One of the biggest prizes in Boston-area real estate went Tuesday to the Massachusetts Institute of Technology, when US officials tapped the university to redevelop the Volpe Transportation Center in Kendall Square.
MIT beat out a half-dozen major real estate firms for the 14-acre site, which is one of the last remaining big properties that can be redeveloped in one of the hottest real estate markets in the country.
It’s unclear what exactly MIT would build there; the US General Services Administration released few details with its announcement and has refused to make public the proposals it received earlier this year. The school itself declined to reveal what it proposed to the GSA.
But the university will first have to build a roughly 400,000-square-foot replacement for the existing government transportation research building on Broadway before receiving the rest of the campus to redevelop. The full project, which will probably include a mix of office and lab space, housing, and retail across at least 1 million square feet, is expected to take a decade or more, and billions of dollars, to finish.
In a statement, MIT executive vice president Israel Ruiz said the university was “delighted” to win the project and looks forward to working with federal officials, the city, and its Kendall Square neighbors on a detailed plan.
“Naturally, MIT is interested in the future of the site, given its proximity to campus and the important role it plays in supporting the evolution of the innovative, mixed-use community in Kendall Square,” Ruiz said. “The proposed revitalization of the Volpe parcel is a tremendous opportunity.”
A GSA spokesman declined to comment Tuesday on why the agency chose MIT. Last year, as part of a broader push to partner with private developers to rebuild aging federal buildings, it launched a nationwide competition for the Volpe Site, with the goal of naming a developer before the end of the Obama administration.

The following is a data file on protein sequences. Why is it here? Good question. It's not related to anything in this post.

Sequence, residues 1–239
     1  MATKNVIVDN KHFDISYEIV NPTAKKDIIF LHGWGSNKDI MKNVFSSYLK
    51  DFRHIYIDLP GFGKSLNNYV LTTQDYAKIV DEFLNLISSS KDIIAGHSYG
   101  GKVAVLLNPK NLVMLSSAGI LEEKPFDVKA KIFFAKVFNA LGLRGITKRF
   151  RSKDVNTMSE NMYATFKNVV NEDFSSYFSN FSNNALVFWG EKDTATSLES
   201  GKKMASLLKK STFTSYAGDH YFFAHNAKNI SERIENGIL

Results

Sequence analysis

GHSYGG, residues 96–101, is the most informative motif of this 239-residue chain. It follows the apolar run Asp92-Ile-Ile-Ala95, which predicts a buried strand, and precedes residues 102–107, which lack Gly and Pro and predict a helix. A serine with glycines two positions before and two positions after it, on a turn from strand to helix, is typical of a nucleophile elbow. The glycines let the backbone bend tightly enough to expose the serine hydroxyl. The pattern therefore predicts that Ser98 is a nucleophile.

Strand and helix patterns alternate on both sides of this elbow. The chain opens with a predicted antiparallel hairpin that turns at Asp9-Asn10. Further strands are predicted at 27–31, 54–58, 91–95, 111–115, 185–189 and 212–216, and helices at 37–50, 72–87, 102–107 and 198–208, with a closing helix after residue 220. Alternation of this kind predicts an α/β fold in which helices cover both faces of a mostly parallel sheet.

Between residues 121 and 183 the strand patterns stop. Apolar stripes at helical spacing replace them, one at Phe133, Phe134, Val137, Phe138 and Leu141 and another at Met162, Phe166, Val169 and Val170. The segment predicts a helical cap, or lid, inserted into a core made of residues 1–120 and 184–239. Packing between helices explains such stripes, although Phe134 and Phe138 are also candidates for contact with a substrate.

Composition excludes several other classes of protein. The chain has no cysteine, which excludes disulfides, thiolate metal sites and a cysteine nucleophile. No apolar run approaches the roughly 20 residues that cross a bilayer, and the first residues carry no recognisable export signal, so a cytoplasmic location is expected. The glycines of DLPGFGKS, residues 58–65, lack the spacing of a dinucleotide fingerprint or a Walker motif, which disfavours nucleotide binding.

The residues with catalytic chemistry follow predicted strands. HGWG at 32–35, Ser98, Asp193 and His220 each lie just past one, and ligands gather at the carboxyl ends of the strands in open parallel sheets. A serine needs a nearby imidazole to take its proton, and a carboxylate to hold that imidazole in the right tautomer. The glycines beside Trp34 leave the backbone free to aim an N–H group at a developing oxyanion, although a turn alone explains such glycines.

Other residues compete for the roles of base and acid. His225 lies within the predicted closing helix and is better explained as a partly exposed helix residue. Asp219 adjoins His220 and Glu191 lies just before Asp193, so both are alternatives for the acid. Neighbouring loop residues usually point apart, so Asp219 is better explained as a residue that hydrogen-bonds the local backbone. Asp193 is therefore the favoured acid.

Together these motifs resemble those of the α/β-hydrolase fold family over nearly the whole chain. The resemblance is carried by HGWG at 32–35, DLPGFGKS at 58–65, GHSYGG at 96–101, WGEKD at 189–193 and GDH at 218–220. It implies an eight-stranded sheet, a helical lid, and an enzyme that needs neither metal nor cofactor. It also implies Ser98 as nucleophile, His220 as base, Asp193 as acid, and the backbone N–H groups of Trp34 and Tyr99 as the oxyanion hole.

The university has deep experience developing in Kendall Square. Its real estate arm owns a number of office and lab buildings in and around the neighborhood, and its nonacademic holdings make it the largest taxpayer in Cambridge.
MIT is already deep into a major building plan in Kendall, just a few blocks from the Volpe Center and almost as large. The $1.2 billion project includes six buildings on Main Street that will include new offices, housing, and a “gateway” to MIT’s campus at the Kendall Red Line Station. The university expects to begin construction in the coming months after winning final approval from Cambridge in May.
Planning for the Main Street effort involved eight years of careful conversations with neighbors and the city, said Iram Farooq, Cambridge assistant city manager for community development. The deep relationships that MIT built from that process should help make the Volpe project a success, she said, and perhaps more quickly.
“They had to work hard over a number of years with residents and other businesses in the neighborhood,” she said. “That’s good. They’ve done this before. They have a track record.”
The university is also deeply invested in the neighborhood, according to Alexandra Lee, executive director of the Kendall Square Association, who said MIT officials have been able to propose high-quality developments without pricing out the growing, innovative companies that help drive Kendall’s economy.
“There’s a bit of a missing piece right now between the startups and the global companies. How do we allow for midsize firms to thrive here,” said Lee, whose business group includes MIT among its members. “They’re really smart about that stuff.”
Affordable space for growing companies is probably just one of many priorities that Cambridge officials will require of MIT at the Volpe project as they consider new zoning for the site.
Several City Council members have pushed for large-scale housing development there, while others want a large portion of the property set aside as open space.
Although several other big Kendall Square developers pursued the Volpe, no one can match MIT’s century of experience at building in Cambridge, said Greg Vasil, chief executive of the Greater Boston Real Estate Board. That will fare them well as the complex project moves forward. Indeed, Vasil said, that history may well be why they won it.
“They understand how to work in Cambridge,” he said. “With something this big and intricate, that can really pay off.”